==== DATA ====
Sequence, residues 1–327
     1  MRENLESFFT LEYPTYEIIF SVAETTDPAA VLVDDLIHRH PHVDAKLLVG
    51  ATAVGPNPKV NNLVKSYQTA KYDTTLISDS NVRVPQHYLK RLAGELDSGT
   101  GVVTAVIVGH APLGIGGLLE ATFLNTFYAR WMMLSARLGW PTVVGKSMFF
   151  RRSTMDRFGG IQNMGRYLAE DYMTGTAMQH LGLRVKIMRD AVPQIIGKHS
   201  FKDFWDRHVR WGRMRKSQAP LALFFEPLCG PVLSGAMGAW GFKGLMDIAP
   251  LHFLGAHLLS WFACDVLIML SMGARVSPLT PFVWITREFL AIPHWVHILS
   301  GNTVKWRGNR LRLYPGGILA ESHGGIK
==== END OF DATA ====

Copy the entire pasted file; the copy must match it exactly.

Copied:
Sequence, residues 1–327
     1  MRENLESFFT LEYPTYEIIF SVAETTDPAA VLVDDLIHRH PHVDAKLLVG
    51  ATAVGPNPKV NNLVKSYQTA KYDTTLISDS NVRVPQHYLK RLAGELDSGT
   101  GVVTAVIVGH APLGIGGLLE ATFLNTFYAR WMMLSARLGW PTVVGKSMFF
   151  RRSTMDRFGG IQNMGRYLAE DYMTGTAMQH LGLRVKIMRD AVPQIIGKHS
   201  FKDFWDRHVR WGRMRKSQAP LALFFEPLCG PVLSGAMGAW GFKGLMDIAP
   251  LHFLGAHLLS WFACDVLIML SMGARVSPLT PFVWITREFL AIPHWVHILS
   301  GNTVKWRGNR LRLYPGGILA ESHGGIK